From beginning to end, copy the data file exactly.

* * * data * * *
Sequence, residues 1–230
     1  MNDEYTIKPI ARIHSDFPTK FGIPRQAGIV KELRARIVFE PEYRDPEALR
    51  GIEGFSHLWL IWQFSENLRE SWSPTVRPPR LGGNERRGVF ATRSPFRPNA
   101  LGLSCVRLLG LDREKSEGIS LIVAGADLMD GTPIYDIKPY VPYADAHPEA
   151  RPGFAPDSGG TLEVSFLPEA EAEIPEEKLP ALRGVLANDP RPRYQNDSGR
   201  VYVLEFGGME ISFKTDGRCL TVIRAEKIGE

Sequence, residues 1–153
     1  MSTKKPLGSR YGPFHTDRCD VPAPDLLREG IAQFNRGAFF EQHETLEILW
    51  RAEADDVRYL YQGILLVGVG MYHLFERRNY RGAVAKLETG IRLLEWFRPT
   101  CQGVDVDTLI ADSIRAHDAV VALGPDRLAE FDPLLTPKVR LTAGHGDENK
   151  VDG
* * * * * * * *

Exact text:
Sequence, residues 1–230
     1  MNDEYTIKPI ARIHSDFPTK FGIPRQAGIV KELRARIVFE PEYRDPEALR
    51  GIEGFSHLWL IWQFSENLRE SWSPTVRPPR LGGNERRGVF ATRSPFRPNA
   101  LGLSCVRLLG LDREKSEGIS LIVAGADLMD GTPIYDIKPY VPYADAHPEA
   151  RPGFAPDSGG TLEVSFLPEA EAEIPEEKLP ALRGVLANDP RPRYQNDSGR
   201  VYVLEFGGME ISFKTDGRCL TVIRAEKIGE

Sequence, residues 1–153
     1  MSTKKPLGSR YGPFHTDRCD VPAPDLLREG IAQFNRGAFF EQHETLEILW
    51  RAEADDVRYL YQGILLVGVG MYHLFERRNY RGAVAKLETG IRLLEWFRPT
   101  CQGVDVDTLI ADSIRAHDAV VALGPDRLAE FDPLLTPKVR LTAGHGDENK
   151  VDG